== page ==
Sometimes my R & D result in the weird output on the screen. For example, accidentally I run cat command over binary file – cat /sbin/*. You will be not able to access your bash/ksh/zsh based terminal. It will be full of wired character sequences that can lock down your display. These characters will hide what you type or character displayed into strange symbols. To clear gibberish all over the screen use the following method. This article describes how to really clear the terminal screen or reset terminal in Linux or Unix-like system. In other words, you will learn how to clear console garbage and gibberish without exiting the session on your Linux/Unix/macOS/BSD systems.
How to Fix Console Garbage and Gibberish on Linux and Unix
There are multiple commands to fix console gibberish or garbage. Let us see all commands and usage in details.
The clear command
The clear command clears your screen including its scrollback buffer.
$ clearYou can press CTRL+L to clear screen too. However, clear command won’t clear the terminal screen. Use the following methods to really clear the terminal so you get a get back a good working terminal.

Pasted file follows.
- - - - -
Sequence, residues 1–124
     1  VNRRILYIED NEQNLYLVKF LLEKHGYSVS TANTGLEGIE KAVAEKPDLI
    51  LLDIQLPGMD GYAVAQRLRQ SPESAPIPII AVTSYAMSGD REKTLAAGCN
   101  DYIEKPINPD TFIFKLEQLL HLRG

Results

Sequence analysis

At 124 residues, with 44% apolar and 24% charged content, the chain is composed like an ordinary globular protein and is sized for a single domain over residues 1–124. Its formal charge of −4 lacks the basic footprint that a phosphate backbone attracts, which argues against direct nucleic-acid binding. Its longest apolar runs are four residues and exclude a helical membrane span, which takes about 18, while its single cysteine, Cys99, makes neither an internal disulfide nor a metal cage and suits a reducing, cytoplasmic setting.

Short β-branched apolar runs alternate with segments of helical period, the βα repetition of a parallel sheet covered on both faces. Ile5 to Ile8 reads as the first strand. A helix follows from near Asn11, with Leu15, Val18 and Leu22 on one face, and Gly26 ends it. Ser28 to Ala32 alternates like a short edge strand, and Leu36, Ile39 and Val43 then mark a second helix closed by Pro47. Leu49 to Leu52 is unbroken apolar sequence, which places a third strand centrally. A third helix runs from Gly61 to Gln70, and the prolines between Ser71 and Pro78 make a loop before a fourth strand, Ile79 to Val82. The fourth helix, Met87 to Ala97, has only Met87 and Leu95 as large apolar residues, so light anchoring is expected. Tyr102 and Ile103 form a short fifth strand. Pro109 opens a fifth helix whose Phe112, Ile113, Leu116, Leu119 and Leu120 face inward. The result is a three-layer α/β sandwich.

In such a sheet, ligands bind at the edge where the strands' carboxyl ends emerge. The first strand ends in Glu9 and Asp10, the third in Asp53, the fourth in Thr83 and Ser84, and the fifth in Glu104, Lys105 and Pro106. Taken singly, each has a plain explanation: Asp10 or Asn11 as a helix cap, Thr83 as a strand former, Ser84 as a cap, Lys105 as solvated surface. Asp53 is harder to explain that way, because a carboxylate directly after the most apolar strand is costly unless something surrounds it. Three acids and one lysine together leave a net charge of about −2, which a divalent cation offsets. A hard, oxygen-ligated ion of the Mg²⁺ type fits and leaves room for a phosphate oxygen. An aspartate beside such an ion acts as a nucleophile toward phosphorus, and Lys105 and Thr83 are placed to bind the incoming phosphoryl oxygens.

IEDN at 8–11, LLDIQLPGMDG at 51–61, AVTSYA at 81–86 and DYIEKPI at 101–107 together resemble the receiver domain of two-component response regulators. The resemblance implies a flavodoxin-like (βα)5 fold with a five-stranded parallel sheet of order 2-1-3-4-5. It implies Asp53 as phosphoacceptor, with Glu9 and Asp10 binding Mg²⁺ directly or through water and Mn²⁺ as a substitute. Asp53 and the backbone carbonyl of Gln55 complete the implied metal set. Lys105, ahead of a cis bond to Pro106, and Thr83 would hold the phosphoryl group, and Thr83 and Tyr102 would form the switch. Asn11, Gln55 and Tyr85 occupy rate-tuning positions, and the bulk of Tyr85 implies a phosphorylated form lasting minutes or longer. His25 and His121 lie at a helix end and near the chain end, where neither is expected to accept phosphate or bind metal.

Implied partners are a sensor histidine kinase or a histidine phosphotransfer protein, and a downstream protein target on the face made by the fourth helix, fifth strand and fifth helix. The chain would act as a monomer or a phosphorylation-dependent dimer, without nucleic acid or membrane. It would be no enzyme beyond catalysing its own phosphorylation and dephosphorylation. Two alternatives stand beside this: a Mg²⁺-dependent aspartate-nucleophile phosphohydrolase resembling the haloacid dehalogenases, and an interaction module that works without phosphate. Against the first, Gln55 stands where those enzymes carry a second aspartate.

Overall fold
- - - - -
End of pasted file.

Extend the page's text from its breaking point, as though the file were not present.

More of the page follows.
How to fix the display using the reset command
Here is my console with gibberish all over the screen:
Fig.01: Bash fix the display
To fix the display just type the reset command. It will initialization terminal again for you:
$ tput reset
If reset command failed to work type the following command to restore the session to a normal state:
$ stty sane
Press CTRL + L to clear the screen (or type the clear command):
Use ANSI escape sequence to really clear the bash terminal
Another option is to type the following ANSI escape sequence:
clear echo -e "\033c"
Sample outputs from both commands:
Animated gif 01: Fix Unix Console Gibberish Command Demo
This page showed how to fix your console when in garbage and gibberish state. This will clear your console without exit the whole session and restart. Now that you know how to reset screen to normal mode. Read man pages of stty and reset command
here for more information stty(1),reset(1),bash(1).
Posted by: Vivek Gite
The author is the creator of nixCraft and a seasoned sysadmin, DevOps engineer, and a trainer for the Linux operating system/Unix shell scripting. Get the latest tutorials on SysAdmin, Linux/Unix and open source topics via
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